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Manslaughter defendant back in jail

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AUGUSTA – A Wilton man accused of actions leading to the death of his girlfriend’s 17-month-old child is back in jail today, after police say they found irregularities with the bail posted for his release.

David Cook, 25, was returned to custody following a bail hearing scheduled after police arrested a family friend who had bailed Cook out of the Franklin County Jail on Jan. 6. According to Deputy Attorney General William Stokes, who is the chief of the criminal division within the Attorney General’s Office, Cook’s bail was not changed at today’s hearing, which was held at the Kennebec County Superior Court in Augusta.

Jamie Badeau, 24, of Wilton, was arrested Thursday and charged with aggravated forgery, a Class B felony. Badeau bailed Cook out with $100,000 surety by putting up her residence on the Walker Hill Road. However, according to a Maine State Police detective’s affidavit, Badeau’s home had previously been foreclosed on, and is being held as collateral for a loan by Franklin Savings Bank.


David Cook

As Badeau had reportedly indicated that her residence had in excess of $100,000 equity, state police Detective Jeffrey Love arrested her Thursday on the forgery charge. Badeau has been charged with aggravated forgery because she allegedly lied on a public record filed with the court system. This elevates the charge from simply forgery, which is typically a Class C felony.

To convict Badeau of forgery, the state will need to prove that she not only falsely signed the bail bond, but did so knowingly, with an intent to deceive.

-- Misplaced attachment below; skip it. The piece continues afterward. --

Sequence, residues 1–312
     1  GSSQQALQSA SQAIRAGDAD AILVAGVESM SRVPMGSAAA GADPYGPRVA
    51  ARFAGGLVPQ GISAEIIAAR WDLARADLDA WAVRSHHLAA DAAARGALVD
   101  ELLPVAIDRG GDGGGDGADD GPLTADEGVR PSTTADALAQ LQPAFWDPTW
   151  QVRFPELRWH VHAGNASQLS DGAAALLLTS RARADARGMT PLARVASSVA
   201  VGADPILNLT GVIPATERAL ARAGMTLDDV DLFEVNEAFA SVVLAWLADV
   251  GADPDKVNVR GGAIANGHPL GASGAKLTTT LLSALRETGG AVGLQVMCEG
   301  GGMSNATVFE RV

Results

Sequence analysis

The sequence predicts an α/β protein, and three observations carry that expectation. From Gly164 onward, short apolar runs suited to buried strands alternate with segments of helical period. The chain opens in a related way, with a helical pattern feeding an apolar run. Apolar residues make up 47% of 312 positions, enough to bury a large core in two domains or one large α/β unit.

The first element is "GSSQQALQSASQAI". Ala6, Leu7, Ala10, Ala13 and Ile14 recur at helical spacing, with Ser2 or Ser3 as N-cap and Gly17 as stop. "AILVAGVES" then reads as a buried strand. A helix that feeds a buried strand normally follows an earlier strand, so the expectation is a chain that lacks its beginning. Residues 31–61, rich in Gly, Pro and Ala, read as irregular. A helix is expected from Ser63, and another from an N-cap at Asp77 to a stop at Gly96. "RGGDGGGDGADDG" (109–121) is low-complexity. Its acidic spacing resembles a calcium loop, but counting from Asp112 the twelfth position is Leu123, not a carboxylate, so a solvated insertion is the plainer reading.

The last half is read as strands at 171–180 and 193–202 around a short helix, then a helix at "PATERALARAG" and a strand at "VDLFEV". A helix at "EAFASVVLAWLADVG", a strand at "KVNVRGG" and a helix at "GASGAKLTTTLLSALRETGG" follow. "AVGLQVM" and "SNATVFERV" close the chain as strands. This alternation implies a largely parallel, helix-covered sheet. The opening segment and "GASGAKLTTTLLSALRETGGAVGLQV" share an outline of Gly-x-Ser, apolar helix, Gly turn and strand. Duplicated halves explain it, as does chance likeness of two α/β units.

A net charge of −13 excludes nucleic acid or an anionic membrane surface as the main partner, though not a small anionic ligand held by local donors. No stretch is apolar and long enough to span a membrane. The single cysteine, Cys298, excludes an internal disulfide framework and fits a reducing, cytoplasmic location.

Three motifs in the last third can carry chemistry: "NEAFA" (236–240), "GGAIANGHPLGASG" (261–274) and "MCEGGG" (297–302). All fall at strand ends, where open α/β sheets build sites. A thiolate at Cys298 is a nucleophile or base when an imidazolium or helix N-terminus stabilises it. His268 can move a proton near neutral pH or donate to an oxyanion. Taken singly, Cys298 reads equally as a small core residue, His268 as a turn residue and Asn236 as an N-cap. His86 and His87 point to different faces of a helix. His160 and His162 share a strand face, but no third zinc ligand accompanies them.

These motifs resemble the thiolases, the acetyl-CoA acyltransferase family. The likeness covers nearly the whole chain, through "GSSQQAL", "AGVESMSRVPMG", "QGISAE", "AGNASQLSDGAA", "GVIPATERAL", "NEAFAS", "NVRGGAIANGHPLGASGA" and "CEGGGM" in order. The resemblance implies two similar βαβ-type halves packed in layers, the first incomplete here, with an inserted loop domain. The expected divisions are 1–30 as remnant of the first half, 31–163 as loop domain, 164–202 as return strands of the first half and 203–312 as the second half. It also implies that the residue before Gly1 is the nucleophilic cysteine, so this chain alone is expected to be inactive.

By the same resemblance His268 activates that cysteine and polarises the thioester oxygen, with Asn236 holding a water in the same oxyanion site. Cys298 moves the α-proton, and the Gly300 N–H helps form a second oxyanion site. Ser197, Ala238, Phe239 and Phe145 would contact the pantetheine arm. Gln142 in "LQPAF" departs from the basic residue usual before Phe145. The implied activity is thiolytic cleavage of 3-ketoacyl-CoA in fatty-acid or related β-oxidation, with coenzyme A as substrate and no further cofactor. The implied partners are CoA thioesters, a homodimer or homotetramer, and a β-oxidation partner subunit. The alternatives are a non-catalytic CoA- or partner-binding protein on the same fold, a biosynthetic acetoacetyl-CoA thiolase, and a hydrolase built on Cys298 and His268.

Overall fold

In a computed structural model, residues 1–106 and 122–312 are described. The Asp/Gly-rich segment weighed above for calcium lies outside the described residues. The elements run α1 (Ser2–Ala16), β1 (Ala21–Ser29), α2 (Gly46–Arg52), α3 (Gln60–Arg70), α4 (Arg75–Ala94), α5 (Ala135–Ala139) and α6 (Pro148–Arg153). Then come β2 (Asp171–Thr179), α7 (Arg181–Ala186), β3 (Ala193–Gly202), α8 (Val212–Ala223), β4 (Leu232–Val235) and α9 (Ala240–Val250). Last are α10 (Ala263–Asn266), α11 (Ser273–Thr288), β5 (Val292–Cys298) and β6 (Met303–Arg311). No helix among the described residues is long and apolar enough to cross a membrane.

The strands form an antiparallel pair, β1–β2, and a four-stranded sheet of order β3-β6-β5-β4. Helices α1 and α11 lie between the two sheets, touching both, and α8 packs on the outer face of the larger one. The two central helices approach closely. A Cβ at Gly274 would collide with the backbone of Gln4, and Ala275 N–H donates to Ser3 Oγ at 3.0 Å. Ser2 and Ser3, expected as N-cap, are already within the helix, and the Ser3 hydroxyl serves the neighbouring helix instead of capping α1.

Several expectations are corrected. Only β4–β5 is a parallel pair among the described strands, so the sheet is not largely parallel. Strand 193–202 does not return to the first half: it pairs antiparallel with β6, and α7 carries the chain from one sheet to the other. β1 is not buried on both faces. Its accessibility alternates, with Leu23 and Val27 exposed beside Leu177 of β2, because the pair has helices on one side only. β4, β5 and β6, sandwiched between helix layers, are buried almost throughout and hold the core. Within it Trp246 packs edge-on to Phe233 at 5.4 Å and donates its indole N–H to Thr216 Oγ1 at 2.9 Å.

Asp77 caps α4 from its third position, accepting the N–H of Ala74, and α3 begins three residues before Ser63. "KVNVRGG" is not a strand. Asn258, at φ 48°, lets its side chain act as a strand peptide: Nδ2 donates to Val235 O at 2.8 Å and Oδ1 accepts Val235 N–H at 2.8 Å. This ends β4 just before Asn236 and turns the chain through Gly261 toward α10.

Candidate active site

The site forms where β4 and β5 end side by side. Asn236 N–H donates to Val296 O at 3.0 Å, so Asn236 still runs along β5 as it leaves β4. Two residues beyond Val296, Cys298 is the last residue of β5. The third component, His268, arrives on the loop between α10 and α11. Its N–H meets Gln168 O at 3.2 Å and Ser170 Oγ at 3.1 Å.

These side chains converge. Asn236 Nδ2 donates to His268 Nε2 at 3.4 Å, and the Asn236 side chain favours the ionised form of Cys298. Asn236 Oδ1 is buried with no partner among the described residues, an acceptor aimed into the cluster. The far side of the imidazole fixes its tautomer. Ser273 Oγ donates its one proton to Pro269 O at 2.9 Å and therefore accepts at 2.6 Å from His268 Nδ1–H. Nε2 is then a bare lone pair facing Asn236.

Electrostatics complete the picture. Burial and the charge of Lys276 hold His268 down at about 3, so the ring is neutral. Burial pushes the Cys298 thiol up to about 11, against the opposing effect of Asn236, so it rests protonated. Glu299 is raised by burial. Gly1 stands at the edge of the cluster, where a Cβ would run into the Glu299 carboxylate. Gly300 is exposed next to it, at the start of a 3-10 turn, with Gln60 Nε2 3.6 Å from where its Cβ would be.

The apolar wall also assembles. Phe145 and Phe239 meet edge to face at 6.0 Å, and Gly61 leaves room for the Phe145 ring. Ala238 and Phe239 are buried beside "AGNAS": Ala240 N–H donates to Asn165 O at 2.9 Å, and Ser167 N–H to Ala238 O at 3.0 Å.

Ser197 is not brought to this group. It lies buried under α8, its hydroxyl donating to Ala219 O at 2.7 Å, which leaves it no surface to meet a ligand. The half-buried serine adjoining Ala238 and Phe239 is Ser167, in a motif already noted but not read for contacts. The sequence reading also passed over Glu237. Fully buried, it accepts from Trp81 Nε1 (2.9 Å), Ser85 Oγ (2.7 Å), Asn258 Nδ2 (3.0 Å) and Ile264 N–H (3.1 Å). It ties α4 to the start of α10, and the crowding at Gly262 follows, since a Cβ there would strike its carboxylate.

Maine State Police spokesman Stephen McCausland said today that Badeau appeared to be a friend of the Cook family.

Cook had been charged with manslaughter, a Class A felony, following an investigation into the Nov. 29 death of Matteo Hanson. A police affidavit indicates that Cook told investigators that Hanson died as the result of a fall down a flight of stairs in a two-story apartment, and that Hanson was either pushed by his three-year-old sister or fell accidentally on his own.

However, the state’s Medical Examiner’s Office has said that their examination of Hanson led them to believe that his injuries were the result of severe force, and could not have occurred via a fall. They also say the autopsy indicated signs of half-healed injuries, including rib fractures and contusions, as well as a fracture on the back of the child’s skull.

Cook was released on a $100,000 surety bond, posted by Badeau, on Jan. 6.

According to an affidavit filed with court, Love was notified by the Franklin County Sheriff’s Department that bail had been posted by Cook. He then spoke with Badeau’s ex-husband, who told him that Franklin Savings Bank began foreclosing on Badeau’s property in 2007.

“I explained to [Badeau’s ex-husband] that Jaime [Badeau] is reporting to have $100,000 worth of equity in the residence,” Love wrote in the affidavit. “[He] stated that he seriously doubted it unless somebody gave her a bunch of money.”

Love then asked the Attorney General’s Office to subpoena Badeau’s bank records. According to these records, police say, Badeau did not in fact have any equity on her property at 113 Walker Hill Road.

Badeau was arrested and released Thursday, on a $500 cash bond.

Cook’s next scheduled court appearance remains a March 20 status conference, although a grand jury indictment could result in him appearing in court earlier than that. As Justice Michaela Murphy did not alter the bail conditions at today’s hearing, Cook could still be released on $50,000 cash or $100,000 surety.

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